13th February 2022
Galanthus 'Lady Elphinstone' .
The week has passed in a whirl, I can hardly remember what has happened. It is a sure sign that spring has arrived.
The weather has remained warm, for the time of year anyway. There have been a couple of days in the garden when a cold wind has whipped between the trees to
remind me that it might be sunny but it certainly isn't summer. There have also been rainy spells, the most impressive of them falling as I sat down to write this.
Earlier in the week the rain was of the undecided 'misty' variety that doesn't really fall it just insinuates itself upon you. It is welcome. It keeps the water
tanks topped up and it keeps the garden moist.
In a burst of enthusiasm on Thursday I went out with a spade and split my bananas. I wasn't sure of the timing but it seemed best to give the new divisions a month or two to establish
before they start to grow. I made a start dividing them in the autumn but it turned out to be hard work so I put it off for a few weeks. I have a feeling that if I hadn't done it this week
I might have missed my chance for the year. Gentle insinuating rain should help them to establish.
In the meadow, Galanthus 'Lady Elphinstone' is spreading. I haven't had many yellow flowers from it recently, this is the first I have seen for a couple of years.
Generally they are marked with green and I worry that m'lady is asserting her verdant obstinacy. A single double yellow flower is a good sign.
13th February 2022
Crocus 'Ruby Giant' .
The garden is filled with the charming fictions of spring. The winter clears the ground of undergrowth and strips the trees of leaves.
Almost everything else had been mowed or cut back, the place looks tidy and controlled. That isn't really the nature of gardens, certainly not of this one.
It is a temporary fiction but it is satisfying.
At the end of last year I was looking at the new herbaceous border with stoic resignation. Annual weeds had taken over and the happy obfuscation that it was a meadow
had lost all credibility. It was still full of peony leaves and things I didn't want to cut down. Last year I planted a selection of spring bulbs in the border
and if I was ever going to see them again something had to be done. Out came the lawnmower and fifteen minutes of tight manoeuvring reduced it to bare ground and detritus.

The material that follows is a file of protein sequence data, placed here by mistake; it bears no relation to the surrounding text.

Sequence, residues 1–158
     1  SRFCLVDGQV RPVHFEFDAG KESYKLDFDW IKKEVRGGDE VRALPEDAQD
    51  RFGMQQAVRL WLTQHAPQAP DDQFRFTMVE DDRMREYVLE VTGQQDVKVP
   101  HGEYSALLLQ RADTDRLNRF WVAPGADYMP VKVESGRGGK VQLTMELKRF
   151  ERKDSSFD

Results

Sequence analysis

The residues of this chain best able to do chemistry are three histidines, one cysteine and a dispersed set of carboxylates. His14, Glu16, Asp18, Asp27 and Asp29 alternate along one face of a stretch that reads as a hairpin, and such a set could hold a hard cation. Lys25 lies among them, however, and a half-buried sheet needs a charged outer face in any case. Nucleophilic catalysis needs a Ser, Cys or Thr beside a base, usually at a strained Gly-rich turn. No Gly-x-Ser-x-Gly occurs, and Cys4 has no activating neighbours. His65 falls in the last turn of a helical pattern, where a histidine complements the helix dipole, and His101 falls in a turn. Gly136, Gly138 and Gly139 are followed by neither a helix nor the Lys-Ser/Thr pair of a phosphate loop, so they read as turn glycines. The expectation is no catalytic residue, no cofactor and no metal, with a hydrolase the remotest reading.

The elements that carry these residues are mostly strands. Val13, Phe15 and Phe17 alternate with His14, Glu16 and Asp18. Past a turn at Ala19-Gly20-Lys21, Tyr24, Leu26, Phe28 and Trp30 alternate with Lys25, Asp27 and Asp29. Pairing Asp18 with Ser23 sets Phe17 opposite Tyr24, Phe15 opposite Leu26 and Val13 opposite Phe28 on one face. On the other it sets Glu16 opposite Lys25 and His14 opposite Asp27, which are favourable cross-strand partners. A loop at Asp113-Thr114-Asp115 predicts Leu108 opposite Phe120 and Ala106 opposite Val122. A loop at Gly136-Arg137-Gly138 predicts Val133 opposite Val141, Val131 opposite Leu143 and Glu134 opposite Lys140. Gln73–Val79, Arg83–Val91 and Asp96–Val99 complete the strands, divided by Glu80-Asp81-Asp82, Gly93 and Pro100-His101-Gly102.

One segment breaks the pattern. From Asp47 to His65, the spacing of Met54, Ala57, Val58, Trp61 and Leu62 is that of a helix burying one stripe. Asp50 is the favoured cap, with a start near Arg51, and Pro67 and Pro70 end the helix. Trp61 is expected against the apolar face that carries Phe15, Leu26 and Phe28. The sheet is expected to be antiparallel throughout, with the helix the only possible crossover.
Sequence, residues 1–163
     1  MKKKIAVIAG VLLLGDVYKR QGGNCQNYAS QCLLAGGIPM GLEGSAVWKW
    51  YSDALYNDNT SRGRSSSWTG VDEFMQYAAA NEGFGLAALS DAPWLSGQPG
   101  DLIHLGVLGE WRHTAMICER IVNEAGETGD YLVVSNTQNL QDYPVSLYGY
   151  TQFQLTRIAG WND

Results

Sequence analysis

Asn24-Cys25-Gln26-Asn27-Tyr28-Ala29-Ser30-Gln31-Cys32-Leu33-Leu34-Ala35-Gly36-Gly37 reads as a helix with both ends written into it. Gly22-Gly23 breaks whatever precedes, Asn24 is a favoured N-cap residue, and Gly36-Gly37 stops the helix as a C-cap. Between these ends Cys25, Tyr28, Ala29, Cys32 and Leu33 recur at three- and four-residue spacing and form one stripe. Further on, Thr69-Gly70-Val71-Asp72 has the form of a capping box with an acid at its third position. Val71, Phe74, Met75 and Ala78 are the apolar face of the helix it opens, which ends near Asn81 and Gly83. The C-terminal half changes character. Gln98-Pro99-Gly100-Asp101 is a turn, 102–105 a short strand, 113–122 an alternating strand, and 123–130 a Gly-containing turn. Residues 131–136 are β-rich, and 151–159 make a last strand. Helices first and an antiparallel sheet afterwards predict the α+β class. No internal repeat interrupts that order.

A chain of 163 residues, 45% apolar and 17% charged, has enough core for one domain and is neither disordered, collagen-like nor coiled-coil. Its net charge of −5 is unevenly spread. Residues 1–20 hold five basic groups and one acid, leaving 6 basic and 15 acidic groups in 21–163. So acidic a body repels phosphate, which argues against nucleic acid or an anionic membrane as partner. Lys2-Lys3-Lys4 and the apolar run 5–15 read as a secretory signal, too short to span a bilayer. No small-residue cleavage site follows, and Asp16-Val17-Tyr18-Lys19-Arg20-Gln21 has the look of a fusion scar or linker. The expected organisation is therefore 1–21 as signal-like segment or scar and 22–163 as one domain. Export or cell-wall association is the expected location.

I had hoped that the annual maintenance would be simple, I was surprised that it worked out. I got it done just in time, within weeks the first tulip leaves had emerged
and a few crocus shoots rapidly followed.
A year ago I planted a hundred Crocus 'Ruby Giant' because I would like a sheet of purple in the spring. It isn't likely to happen, Crocus haven't established very well
in this garden but I'm obstinate enough to have another try. Obstinate but not overly optimistic, so the first crocus shoot was a cause for celebration. At least one had survived.
In the end I have about fifty flowers dotted around, which is a success. I will remember to cut the overgrowth down this autumn and plant some more.
13th February 2022
Freesia viridis .
In the greenhouse the incendiary colours of the Nerine ended at Christmas. I have two forms on N. undulata still in flower but the pale pink blooms only serve to emphasise
the greenness of the leaves around them. I don't have much that flowers in the early weeks of the year down there. The Lachenalia have been moved out
to a more suitable greenhouse where they will have more light (and give the Nerine more space). The only activity comes from an assortment of Freesia species
that are seeding around the collection.
The best of them is Freesia viridis which produces its strange green flowers at the end of January. I have to go looking for it in most years because I don't notice the subtle colour as I pass by.
In some years I miss it completely and only realise it has flowered when the red-brown seeds are scattered on the floor in summer. I have been waiting for the flowers so that I can
work out which it is among the many pots of Freesia leaves. I am happy for this one to spread through the Nerine stock pots, just as I am happy for some of the
Gladiolus species to spread around, but I don't want the greenhouse to become a free-for-all of weedy bulbs.
13th February 2022
Dionysia aretioides .
I have a long standing grudge against the genus Primula. I would love to grow them but it is not a mutual ambition. I have tried, they have died. It is a simple
pattern that I have repeated until it turns into a grudge. To be fair to them, it isn't a problem with culture so much as with vine weevil. Why do primulas have to be so delicious?
I started to get some success when I used nematodes as a biological control for vine weevil. It showed that the problems were not insuperable as long as I remembered to
order the nematodes in summer. Then I started to grow Primula allionii in limestone chippings and a whole new world of delight opened up. I am not free of the
curse of vine weevil, but I am free of the sense of futility that accompanied it.
If I can grow rock primulas, why not Dionysia ? It was one of those random thoughts that occur while driving towards an AGS show. I gave it a try, armed with my new-found confidence
and managed to demonstrate once more that I'm not as clever as I like to think when gripped by a new enthusiasm. I think the current tally is: dead Dionysia seven; live
Dionysia one. However, that is one more success than I managed last time I tried.
This surviving Dionysia aretioides burst into flower at the start of the week and leaves me feeling triumphant enough to overlook the seven corpses beside it. It has been slowly improving
over the last four years. When the opportunity next arises I might throw caution to the wind and try another.
Whatever the outcome, this blob of yellow is the purest distillation of spring cheer in the garden at present.